On March 8, 2019, all 28 players on the women’s national team initiated a proposed class and collective action in federal court against the U.S. Soccer Federation. Their action alleged discrimination based on sex in violation of the Equal Pay Act (EPA) and Title VII of the Civil Rights Act of 1964, as amended (Title VII). Notably, the players chose to file suit on International Women’s Day, which is intended to celebrate the social, economic, cultural, and political achievements of women, as well as to raise awareness of gender equality issues.
As we previously reported, several players filed charges of discrimination with the Equal Employment Opportunity Commission (EEOC) in March 2016 alleging discrimination based on sex. After completing its investigation, on February 5, 2019, the EEOC (the federal agency charged with investigating allegations of employment discrimination) issued the players’ Notices of Right to Sue, allowing them to file the instant lawsuit within 90 days of receipt.
The lawsuit alleges that “the female players have been consistently paid less money than their male counterparts. This is true even though their performance has been superior to that of the male players—with the female players, in contrast to the male players, becoming world champions.” The complaint alleges that the women outperformed the men’s team in terms of revenue, profit, and performance.
The complaint goes on to state that the female players spend more time practicing for and playing in matches, training in camps, traveling, and participating in media sessions than similarly situated male players—all while earning less pay. The complaint further alleges that the female players have endured other less favorable terms and conditions of employment than their male counterparts, such as having to play on inferior surfaces (i.e., artificial turf) with a greater chance of serious injury.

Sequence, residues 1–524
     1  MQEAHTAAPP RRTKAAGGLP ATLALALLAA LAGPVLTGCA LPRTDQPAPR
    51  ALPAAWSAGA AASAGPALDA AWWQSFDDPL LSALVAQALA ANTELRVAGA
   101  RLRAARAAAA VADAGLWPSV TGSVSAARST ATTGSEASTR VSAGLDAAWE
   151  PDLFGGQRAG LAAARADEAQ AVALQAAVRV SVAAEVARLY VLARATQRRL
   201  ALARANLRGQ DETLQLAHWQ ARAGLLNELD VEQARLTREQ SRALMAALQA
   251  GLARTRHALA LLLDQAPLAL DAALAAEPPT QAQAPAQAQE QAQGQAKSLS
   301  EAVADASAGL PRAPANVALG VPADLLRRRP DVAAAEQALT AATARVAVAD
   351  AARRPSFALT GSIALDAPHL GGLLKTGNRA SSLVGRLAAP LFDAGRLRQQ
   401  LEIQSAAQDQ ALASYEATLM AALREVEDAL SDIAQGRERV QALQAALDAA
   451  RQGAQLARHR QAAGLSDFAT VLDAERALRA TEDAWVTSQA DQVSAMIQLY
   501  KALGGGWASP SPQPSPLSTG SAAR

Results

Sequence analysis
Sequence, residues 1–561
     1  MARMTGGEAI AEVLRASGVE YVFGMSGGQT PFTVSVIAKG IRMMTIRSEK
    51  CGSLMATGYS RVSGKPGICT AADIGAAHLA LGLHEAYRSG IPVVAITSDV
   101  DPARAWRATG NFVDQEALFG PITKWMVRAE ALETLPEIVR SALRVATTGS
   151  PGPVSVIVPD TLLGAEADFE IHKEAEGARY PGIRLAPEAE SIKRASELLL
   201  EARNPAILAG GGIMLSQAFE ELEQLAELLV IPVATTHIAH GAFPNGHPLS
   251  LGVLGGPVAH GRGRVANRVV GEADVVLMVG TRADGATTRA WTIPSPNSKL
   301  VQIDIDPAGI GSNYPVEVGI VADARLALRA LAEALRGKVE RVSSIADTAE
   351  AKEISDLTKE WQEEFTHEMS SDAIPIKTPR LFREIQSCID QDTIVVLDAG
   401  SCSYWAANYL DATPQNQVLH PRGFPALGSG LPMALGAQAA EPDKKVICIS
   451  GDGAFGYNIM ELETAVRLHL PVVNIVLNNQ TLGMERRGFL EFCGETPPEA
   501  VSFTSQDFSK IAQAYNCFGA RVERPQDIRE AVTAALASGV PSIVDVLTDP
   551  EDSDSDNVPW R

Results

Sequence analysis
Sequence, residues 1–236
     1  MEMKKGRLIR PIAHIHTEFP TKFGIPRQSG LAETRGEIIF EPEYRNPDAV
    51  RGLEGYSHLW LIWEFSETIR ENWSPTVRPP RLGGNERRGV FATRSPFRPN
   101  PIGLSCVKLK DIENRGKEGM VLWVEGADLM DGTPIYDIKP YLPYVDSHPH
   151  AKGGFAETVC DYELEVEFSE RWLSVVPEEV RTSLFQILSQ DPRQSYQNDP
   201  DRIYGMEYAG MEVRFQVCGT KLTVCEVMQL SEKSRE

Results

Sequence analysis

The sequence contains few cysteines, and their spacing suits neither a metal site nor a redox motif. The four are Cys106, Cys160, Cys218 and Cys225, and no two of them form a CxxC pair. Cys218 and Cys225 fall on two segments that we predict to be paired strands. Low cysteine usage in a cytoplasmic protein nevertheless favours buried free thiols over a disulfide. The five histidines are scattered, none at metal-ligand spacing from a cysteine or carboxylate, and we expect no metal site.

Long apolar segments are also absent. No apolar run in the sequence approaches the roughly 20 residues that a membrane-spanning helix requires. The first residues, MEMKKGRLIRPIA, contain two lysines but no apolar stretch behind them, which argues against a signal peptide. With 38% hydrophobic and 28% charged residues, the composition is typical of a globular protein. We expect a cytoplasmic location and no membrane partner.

Meanwhile, at the administrative phase, the Federation denied the pay discrimination allegations and pointed out that the female players receive benefits that the male players do not, such as severance pay, medical insurance, maternity leave, child care, and a relocation allowance. The Federation also pointed out that the men’s and women’s teams have separately negotiated collective bargaining agreements governing pay and other issues.
Federal law generally prohibits discriminatory employment practices based on sex. Under the EPA, men and women in the same workplace must be given equal pay for equal work. Title VII also makes it unlawful to discriminate based on sex regarding pay and benefits. Once a plaintiff establishes a prima facie case of salary discrimination, the burden shifts to the employer to prove, by a preponderance of evidence, that the pay differential is justified by the existence of one of the four statutory exceptions: (1) a seniority system; (2) a merit system; (3) a system that measures earnings by quantity or quality of production; or (4) a differential based on any factor other than sex.
The bottom line for employers is to regularly audit pay practices and policies to prevent and correct potential pay disparity issues. Consistency and training are key to avoiding not only legal missteps but also serious employee morale issues.
This lawsuit comes less than 3 months before our reigning world champions will defend their title at the Women’s World Cup in France beginning on June 7. It remains to be seen whether these athletes will still be locked in litigation at that time, but they are reportedly not considering any boycott or protest during (or leading up to) the tournament. However, the litigation proceeds, this writer (and long-time soccer fan) is hoping they bring home a 4th world championship.